by Jim Haw
Originally published at ScientificAmerican.com
The tiny island of Peleliu (5 square miles) is the second most southerly state of Palau — we reached it in 50 minutes on a very fast boat from the capital of Koror.
In September 1944, U.S. Marines and U.S. Army soldiers invaded this island in what was supposed to be a quick and straightforward operation to take Peleliu’s airstrip in support of the upcoming Philippines campaign. What ensued was two months of the worst fighting of the war as the Japanese shot back from tiny caves rather that consume themselves in self-destructive countercharges.
The United States’ casualties on a percentage basis were among the highest in history. Nearly all of the Japanese defending the island were killed. A few surrendered — the last small group in 1947. The island proved to be of no strategic value for the remainder of the war. The Americans moved on. But Palau remains indebted to the U.S. military; a few weeks ago another Palauan solder in the U.S. Army was killed in combat operations in Afghanistan.
Almost 67 years after the Battle of Peleliu we pulled up to the tiny dock on the northern end of the island. Approximately 600 Palauans live on Peleliu now. It is not the most isolated place on earth, but it is a remote outpost in a tiny republic in a vast ocean. We were expecting that World War II tourism would be central to the island’s economy. Two battered tour vans eventually arrived, and we loaded in.
In Palau everyone is related to someone else, and employment opportunities sometimes flow from one’s relationship to the state governor, who is a generation or so from being a chief. This system is sometimes not as efficient as a meritocracy, and the guides were not on top of their game. To be fair, a decent understanding of history requires a lot of context, and how do you get much context living your entire life on Pelileu?
The war museum, a half-blasted concrete and rebar Japanese command building, was fascinating — it is stocked largely with disintegrating Japanese weapons and artifacts recovered from the jungle after decades in situ. The jungle trail up Bloody Nose Ridge was loaded with more wreckage and personal artifacts of the conflict, mostly Japanese. Still, something else was going on. Our vans would start down one road, stop in place, turn around and then drive to some other part of the island without much explanation or communication. One of the guides barked orders at our students.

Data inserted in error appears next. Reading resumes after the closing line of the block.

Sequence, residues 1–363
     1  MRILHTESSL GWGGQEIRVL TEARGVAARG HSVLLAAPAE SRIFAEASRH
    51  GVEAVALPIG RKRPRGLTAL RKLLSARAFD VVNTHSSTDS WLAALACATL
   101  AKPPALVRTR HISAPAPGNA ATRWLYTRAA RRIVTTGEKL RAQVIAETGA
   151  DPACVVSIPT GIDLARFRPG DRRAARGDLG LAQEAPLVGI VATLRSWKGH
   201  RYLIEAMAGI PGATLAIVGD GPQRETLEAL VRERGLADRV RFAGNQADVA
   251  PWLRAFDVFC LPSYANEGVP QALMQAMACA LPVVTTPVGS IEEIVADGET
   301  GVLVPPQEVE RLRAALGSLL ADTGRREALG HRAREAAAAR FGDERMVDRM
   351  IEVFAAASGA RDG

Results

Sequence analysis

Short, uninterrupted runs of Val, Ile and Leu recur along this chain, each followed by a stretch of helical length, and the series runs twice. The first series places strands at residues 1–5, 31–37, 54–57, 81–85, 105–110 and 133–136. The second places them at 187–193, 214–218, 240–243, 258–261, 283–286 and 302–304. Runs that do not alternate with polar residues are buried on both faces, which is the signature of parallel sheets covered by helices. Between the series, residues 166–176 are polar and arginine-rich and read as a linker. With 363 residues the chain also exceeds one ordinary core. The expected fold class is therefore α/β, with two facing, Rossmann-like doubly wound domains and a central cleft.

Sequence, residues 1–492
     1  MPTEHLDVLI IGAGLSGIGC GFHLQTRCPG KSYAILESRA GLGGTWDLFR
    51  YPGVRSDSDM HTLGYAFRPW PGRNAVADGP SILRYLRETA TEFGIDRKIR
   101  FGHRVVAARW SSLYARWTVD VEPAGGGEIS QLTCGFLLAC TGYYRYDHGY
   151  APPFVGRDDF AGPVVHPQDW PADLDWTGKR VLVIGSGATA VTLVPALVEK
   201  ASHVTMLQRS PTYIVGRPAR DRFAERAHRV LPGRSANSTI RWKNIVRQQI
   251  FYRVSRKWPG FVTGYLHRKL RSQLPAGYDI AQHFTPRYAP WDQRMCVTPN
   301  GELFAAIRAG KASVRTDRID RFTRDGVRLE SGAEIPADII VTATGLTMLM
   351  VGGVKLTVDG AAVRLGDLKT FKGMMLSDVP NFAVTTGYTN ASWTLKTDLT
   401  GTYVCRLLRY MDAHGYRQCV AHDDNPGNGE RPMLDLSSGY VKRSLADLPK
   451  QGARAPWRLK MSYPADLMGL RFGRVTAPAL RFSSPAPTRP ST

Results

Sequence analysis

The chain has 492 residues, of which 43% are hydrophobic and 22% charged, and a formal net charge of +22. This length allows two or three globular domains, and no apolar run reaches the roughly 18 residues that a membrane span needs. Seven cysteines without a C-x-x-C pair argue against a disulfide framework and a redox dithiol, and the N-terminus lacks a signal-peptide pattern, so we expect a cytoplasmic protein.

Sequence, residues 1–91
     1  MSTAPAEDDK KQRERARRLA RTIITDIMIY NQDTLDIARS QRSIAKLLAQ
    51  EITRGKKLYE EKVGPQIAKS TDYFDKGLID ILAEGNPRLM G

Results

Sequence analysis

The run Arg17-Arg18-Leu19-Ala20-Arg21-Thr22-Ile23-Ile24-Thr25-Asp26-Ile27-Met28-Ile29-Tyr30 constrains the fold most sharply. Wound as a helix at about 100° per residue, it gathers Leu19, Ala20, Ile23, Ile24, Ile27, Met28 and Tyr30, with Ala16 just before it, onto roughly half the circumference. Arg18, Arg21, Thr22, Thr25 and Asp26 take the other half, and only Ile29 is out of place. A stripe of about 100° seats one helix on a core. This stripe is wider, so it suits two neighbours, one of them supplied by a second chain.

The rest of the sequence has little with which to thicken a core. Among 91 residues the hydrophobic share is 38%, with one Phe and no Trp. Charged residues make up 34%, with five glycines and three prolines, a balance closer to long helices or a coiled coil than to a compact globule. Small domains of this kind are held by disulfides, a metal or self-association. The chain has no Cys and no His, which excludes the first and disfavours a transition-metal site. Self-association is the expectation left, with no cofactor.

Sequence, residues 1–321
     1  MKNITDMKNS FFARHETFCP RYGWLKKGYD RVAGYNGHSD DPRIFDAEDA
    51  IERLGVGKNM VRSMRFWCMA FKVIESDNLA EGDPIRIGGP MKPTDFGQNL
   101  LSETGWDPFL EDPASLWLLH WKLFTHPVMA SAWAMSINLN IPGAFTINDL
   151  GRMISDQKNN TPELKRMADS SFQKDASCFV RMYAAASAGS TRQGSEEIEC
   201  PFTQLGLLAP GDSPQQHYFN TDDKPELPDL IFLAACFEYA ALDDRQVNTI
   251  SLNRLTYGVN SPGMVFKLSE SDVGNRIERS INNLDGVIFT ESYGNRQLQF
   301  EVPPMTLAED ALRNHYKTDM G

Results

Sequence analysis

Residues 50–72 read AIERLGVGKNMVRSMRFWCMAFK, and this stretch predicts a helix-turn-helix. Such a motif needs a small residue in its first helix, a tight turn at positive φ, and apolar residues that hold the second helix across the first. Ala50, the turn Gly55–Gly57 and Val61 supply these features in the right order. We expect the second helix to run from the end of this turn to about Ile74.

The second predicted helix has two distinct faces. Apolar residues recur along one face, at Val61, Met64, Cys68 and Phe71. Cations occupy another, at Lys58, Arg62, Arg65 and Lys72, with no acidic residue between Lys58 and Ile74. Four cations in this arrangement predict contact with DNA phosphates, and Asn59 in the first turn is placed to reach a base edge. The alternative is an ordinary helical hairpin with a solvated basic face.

Peleliu is not betting its future on military history tourism — Peleliu is a marijuana plantation. Raids every month or so by Palauan authorities seize hundreds or sometimes thousands of plants, but the news stories usually conclude by reporting that no arrests were made and no citations were issued. Palau is proud of the fact that there are no guns in their country. On May 3, 2011, a man on Peleliu was beat to death with a baseball bat. The local news reported several days later that the suspect had not been apprehended and his whereabouts were unknown.
Is the marijuana cultivation on Peleliu meeting local demand or being driven by consumption in other parts of the world? Taking a short cut between our hotel and our diving operation one night in Koror we passed through a set of simple houses with an atmosphere heavy in marijuana smoke — but the residents of these improvised dwellings were not paying top dollar to drive any illegal industries.
Peleliu has become a battleground in another international conflict — drug trafficking from environmentally sensitive regions to the more-populated, industrialized world. And that airfield that so many American marines and soldiers died for finally has a strategic purpose — flying those illegal drugs out of Peleliu.
Dr. Jim Haw is Ray R. Irani Professor of Chemistry and director of the Environmental Studies Program in USC Dornsife. He is also a scientific, technical and recreational diver.